News Column

Takeaway: The curious case of a bank CEO’s salary

February 16, 2014



Can a line be drawn between ‘highly paid’ and ‘overpaid’ when it comes to executive compensation?

In the case of top bankers, who are known worldwide for their insanely inflated salaries, how exactly should the monetary value of a CEO be determined?

In an ideal marketplace, the law of supply and demand would seal the remuneration debate once and for all. But according to many, things are so skewed at the top of the banking industry that the issue of executive remuneration cannot be left to the market forces alone.

Speaking to The Expres Tribune, Research Institute of Islamic Banking and Finance Chairman Dr Shahid Hasan Siddiqui said banks exploit depositors in Pakistan by operating like a cartel. “Their combined pre-tax profit in 2001 was roughly Rs1.1 billion, which rose to about Rs185 billion in 2012. But without sharing profits with depositors, their boards of directors have rewarded top managements unjustifiably and increased executive remuneration completely out of proportion,” Siddiqui said.

To prove his point, he cites the example of a foreign bank’s CEO whose take-home salary is more than Rs10 million a month.

According to banks’ annual financial reports for 2012 – the latest year for which detailed data is available – the CEO of Standard Chartered Bank had the highest annual remuneration in the country amounting to Rs143.5 million, up 34.7% from the preceding year when it totalled Rs106.4 million.

The annual remuneration of the Meezan Bank CEO was Rs99.7 million and that of the United Bank CEO was Rs97.9 million in 2012, making them the country’s second and third highest paid banking executives.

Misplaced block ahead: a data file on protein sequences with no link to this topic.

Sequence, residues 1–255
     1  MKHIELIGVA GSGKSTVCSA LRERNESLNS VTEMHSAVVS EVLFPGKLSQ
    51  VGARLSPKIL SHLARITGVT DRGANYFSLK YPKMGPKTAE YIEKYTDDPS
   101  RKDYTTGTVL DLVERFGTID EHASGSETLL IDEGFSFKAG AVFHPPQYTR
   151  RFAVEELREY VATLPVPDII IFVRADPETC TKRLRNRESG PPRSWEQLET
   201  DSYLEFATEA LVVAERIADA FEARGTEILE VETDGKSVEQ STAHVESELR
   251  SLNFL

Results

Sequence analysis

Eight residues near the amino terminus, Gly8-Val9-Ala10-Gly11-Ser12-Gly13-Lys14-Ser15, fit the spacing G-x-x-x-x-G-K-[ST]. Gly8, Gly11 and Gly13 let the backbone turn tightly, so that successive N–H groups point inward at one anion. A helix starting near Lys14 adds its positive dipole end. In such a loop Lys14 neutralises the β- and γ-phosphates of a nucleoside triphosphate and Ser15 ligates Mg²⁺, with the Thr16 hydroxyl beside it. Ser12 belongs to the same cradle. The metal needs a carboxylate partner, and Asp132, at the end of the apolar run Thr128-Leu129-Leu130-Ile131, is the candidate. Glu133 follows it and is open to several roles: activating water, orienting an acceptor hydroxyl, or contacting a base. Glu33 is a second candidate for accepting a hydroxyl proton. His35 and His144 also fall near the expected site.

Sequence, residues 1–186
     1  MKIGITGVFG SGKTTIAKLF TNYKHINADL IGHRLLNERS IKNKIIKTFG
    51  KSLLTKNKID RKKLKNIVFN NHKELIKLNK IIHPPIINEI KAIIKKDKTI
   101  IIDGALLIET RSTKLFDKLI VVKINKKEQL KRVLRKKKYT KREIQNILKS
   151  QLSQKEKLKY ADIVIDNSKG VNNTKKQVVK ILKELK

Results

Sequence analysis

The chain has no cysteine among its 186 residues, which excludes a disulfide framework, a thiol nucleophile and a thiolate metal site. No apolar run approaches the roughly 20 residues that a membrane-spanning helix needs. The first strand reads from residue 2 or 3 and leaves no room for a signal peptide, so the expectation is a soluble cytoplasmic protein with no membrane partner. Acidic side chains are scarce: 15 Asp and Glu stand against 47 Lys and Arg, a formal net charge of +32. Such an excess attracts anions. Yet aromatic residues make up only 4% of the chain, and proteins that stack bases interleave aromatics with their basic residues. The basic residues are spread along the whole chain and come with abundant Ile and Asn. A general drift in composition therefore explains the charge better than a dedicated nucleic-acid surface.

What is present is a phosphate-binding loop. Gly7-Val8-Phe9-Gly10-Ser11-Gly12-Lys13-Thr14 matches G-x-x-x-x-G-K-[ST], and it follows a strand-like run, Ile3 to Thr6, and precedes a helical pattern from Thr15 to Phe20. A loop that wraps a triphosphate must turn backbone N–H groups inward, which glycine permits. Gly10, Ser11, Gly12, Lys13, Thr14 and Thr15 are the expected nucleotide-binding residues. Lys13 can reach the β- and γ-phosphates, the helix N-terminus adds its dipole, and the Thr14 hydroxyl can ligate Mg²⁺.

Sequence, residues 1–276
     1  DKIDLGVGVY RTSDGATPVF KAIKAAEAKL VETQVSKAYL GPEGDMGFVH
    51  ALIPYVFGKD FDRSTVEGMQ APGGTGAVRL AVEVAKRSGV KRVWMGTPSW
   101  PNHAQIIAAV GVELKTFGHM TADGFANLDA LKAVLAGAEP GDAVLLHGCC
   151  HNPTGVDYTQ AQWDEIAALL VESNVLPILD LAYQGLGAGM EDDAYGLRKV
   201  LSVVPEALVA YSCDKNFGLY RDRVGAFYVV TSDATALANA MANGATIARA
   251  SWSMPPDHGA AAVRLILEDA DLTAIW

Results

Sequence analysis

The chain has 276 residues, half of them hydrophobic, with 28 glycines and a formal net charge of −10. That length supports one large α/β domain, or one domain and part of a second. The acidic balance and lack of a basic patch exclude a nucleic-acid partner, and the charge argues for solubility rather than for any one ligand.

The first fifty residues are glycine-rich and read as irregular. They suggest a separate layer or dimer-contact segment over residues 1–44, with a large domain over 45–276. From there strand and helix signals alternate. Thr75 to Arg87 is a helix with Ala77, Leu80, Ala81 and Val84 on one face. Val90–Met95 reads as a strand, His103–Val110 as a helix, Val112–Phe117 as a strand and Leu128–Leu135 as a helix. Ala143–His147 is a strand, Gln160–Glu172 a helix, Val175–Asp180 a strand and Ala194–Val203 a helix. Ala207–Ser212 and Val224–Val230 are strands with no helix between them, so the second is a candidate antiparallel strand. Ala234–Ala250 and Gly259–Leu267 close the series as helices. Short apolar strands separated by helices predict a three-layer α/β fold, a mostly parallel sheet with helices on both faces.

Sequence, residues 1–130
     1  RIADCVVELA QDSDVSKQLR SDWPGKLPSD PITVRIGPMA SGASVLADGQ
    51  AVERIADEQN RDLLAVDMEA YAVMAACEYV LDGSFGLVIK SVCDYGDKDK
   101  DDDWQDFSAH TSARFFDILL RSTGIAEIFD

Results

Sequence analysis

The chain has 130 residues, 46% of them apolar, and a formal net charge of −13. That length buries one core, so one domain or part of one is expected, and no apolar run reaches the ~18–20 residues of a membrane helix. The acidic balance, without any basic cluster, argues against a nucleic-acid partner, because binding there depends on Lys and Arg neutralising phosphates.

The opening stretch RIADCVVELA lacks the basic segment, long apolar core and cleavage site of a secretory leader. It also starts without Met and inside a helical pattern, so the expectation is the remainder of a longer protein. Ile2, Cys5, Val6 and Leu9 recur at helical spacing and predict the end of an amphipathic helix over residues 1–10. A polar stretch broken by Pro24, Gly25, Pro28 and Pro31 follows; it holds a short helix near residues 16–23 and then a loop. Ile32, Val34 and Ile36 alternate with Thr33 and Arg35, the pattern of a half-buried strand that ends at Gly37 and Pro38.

The remuneration of MCB Bank – which is the largest Pakistani bank in terms of market capitalisation – in 2012 totalled Rs83.1 million, up a massive 93.7% from 2011 when it equalled Rs42.9 million.

The CEO of Bank Alfalah received a major cut in his pay cheque in 2012. His annual remuneration dropped 38.9% to Rs82.1 million from Rs134.6 million in 2011. Yet, he was the fifth highest paid CEO in the country’s banking industry in 2012.

The highest jump in percentage terms was witnessed in the remuneration of the KASB Bank CEO. His annual remuneration was Rs62 million in 2012, up 203% from the preceding year.

“Banks have been enhancing their profitability only to the benefit of their majority shareholders,” Siddiqui said.

However, citing plain statistics show only one side of the picture, according to professionals serving at the top of Pakistan’s banking industry.

“It’s ridiculous to question why somebody is getting a high salary,” a bank president told The Expres Tribune while requesting that he should not be named. “Bank CEOs sit at the helm of for-profit organisations with assets worth hundreds of millions of rupees. I don’t find it surprising at all that their remuneration is relatively higher than that of their counterparts in other sectors of the economy,” he said.

Noting that only 38 people out of more than 158,000 professionals that the country’s banking sector employed in 2012 held the title of CEO/president, he said shareholders hold executives accountable and can fire them for bad performance.

“We get high salaries because we deserve them. If you pay peanuts, you get monkeys,” he said.

Published in The Expres Tribune, February 17th, 2014.

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Source: Express Tribune (Pakistan)


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